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Following the fits and starts in the U.S. economy is all well and good, but when it comes right down to it, your own personal economy has its ups and downs, too. There are bound to be times when you realize: "Hey, this isn't gonna work. I'm gonna have to cut back somewhere!"

What would you cut back on first? A recent poll suggests we have some definite priorities when it comes to deciding what to keep in our budgets.

The unscientific poll, which ran on MSN Money in June, asked readers what they'd be willing to do (or do without) to save $500.

The poll's choices included eating out less, eliminating cable TV service, clipping coupons, taking a second job, holding a yard sale and canceling Internet access. Of the 10,191 responses, 38% chose "all of the above," suggesting that many of us see multiple opportunities to save money on our everyday expenses while bringing in additional funds.

For those who focused their savings strategy on a single item, dining out was the first on the chopping block. Nearly one-third of respondents said they would start bringing lunch to work or school each day or eating more dinners at home.

But we're not giving up our wired lifestyle. Only 1% would simply cut Internet service to save money.

Poll results

Limiting dining out was the biggest single action respondents would take, but it wasn't the only one that got a reaction. Let's look at all the choices:

  • Bring my lunch to work or school every day or eat at home more often: 32%.
  • Cancel my cable TV: 12%.
  • Clip coupons: 6%.
  • Take a second job: 6%.
  • Hold a yard sale: 5%.
  • Cancel my Internet access: 1%.
  • All of the above: 38%.

Looking to cut expenses, meet a goal or save for a rainy day? How much could you save? Take a look.

Save big bucks by brown-bagging

If you enjoy lunches out with your co-workers or taking your family out to eat every weekend, money is slipping through your fingers -- and out of your checking account. In 2010, the average lunch entree cost $8.07, and dinner entrees were $13.70, according to a report in the Nation's Restaurant News.

Even a somewhat-modest three lunches out per week, with four dinners out over the course of a month, will cost you more than $150 -- not counting drinks and tips.

Cut the cord: Go cable-free

Somewhere between "The Stepford Wives" and "Real Housewives," cable became a utility, as seemingly necessary as electricity, water and gas. With broadband service and easier access to shows online, though, some are willing to make the cut.

Just how much would cutting cable save you? It depends on your service, of course, but 2010 numbers from research firm Centris indicated that the average monthly cable bill ran about $70. If you can't live without "True Blood" or international rugby, you're probably paying even more than that.

Give up the Internet

The slim response to giving up Internet access -- a scant 1% selected that choice alone -- suggests that this wouldn't be your favorite strategy. (The fact that you're reading this article online is even better evidence!) In its same research, Centris found that Internet service bills averaged $40 a month.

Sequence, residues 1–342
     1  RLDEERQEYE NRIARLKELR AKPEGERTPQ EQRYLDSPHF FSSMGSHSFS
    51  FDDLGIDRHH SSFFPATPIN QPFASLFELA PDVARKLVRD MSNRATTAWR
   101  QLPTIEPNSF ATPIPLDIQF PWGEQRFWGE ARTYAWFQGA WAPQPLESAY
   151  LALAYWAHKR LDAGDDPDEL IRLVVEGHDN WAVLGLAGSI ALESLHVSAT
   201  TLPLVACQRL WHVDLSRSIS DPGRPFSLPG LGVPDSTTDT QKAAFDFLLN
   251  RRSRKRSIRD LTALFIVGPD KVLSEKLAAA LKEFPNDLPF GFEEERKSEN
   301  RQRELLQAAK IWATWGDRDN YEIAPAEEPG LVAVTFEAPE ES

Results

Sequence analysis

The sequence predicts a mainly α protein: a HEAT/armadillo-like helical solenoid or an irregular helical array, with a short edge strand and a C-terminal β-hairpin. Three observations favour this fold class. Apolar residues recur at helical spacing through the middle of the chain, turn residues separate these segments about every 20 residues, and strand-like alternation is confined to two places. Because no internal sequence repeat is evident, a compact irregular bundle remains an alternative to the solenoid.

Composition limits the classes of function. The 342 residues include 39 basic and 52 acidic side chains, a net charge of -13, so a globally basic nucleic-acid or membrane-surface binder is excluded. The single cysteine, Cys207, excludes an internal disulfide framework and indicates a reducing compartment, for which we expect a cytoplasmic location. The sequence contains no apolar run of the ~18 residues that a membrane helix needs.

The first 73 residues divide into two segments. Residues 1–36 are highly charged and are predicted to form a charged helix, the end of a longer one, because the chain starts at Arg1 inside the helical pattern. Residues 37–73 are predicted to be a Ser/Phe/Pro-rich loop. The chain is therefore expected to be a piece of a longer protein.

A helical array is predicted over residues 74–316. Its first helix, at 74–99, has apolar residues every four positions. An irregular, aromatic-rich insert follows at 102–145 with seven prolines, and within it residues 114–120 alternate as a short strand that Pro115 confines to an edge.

One option to consider: If you already pay for wireless network access through a smartphone or tablet PC, you may be able to get by without the Web on your home computer.

Conserve cash by clipping coupons

Coupons have become a hot commodity in the past few years, with online coupon resources becoming more prevalent. There are innumerable online coupon sites to help you find deals, but no matter how great a deal you find, make sure it's for items you'd buy anyway. After all, it isn't a savings strategy if you use a 75-cents-off coupon as an excuse to try the latest flavor of Pepperidge Farm Milanos -- as tempting as it may be!

Some have turned "coupon" into its own verb, not to mention a life goal, with strategies that may save you money but will cost you a lot of time. Driving to three different grocery stores each week doesn't seem like an exercise in efficiency, does it? If you keep to your usual items and schedule, you're more likely to enjoy savings without stress.

Bring in more money

What about choices you could make to bring in money, rather than just hanging on to what you have?

Getting a second job is a surefire way to help pay bills and pad your savings account. You'll need to ask yourself a few key questions before you take that second job, but if you have the time and energy, it's a great strategy.

A garage sale not only brings in cash, it simplifies your life and gives you more space. Watch this video for some great tips for holding a successful sale.

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Try a little bit of everything

Thirty-eight percent of your peers can't be wrong: Your best strategy may be all of the above, or at least working on multiple fronts. Increasing your income gives you more money to play with -- and tuck into savings accounts -- while cuts to your budget let you hang on to more cash. With both strategies, you'll meet your savings goals that much faster.

This article was reported by Jennifer Rose Hale for